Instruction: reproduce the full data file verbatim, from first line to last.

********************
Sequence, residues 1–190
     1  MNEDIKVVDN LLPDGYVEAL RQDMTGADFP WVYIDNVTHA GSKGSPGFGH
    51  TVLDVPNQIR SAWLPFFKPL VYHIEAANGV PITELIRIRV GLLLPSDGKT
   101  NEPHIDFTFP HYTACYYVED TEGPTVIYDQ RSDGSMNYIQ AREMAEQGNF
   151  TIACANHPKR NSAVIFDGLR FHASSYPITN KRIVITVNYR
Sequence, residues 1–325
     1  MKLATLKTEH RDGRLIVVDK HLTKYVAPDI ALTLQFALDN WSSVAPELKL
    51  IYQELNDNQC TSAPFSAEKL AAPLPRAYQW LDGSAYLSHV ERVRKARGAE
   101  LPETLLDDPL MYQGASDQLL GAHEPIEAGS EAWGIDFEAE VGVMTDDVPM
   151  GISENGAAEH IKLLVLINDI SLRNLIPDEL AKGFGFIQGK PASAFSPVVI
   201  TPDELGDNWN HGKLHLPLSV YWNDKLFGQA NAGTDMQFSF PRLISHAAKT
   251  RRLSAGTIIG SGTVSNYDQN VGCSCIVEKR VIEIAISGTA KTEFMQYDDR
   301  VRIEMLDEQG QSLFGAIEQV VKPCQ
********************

Sequence, residues 1–190
     1  MNEDIKVVDN LLPDGYVEAL RQDMTGADFP WVYIDNVTHA GSKGSPGFGH
    51  TVLDVPNQIR SAWLPFFKPL VYHIEAANGV PITELIRIRV GLLLPSDGKT
   101  NEPHIDFTFP HYTACYYVED TEGPTVIYDQ RSDGSMNYIQ AREMAEQGNF
   151  TIACANHPKR NSAVIFDGLR FHASSYPITN KRIVITVNYR
Sequence, residues 1–325
     1  MKLATLKTEH RDGRLIVVDK HLTKYVAPDI ALTLQFALDN WSSVAPELKL
    51  IYQELNDNQC TSAPFSAEKL AAPLPRAYQW LDGSAYLSHV ERVRKARGAE
   101  LPETLLDDPL MYQGASDQLL GAHEPIEAGS EAWGIDFEAE VGVMTDDVPM
   151  GISENGAAEH IKLLVLINDI SLRNLIPDEL AKGFGFIQGK PASAFSPVVI
   201  TPDELGDNWN HGKLHLPLSV YWNDKLFGQA NAGTDMQFSF PRLISHAAKT
   251  RRLSAGTIIG SGTVSNYDQN VGCSCIVEKR VIEIAISGTA KTEFMQYDDR
   301  VRIEMLDEQG QSLFGAIEQV VKPCQ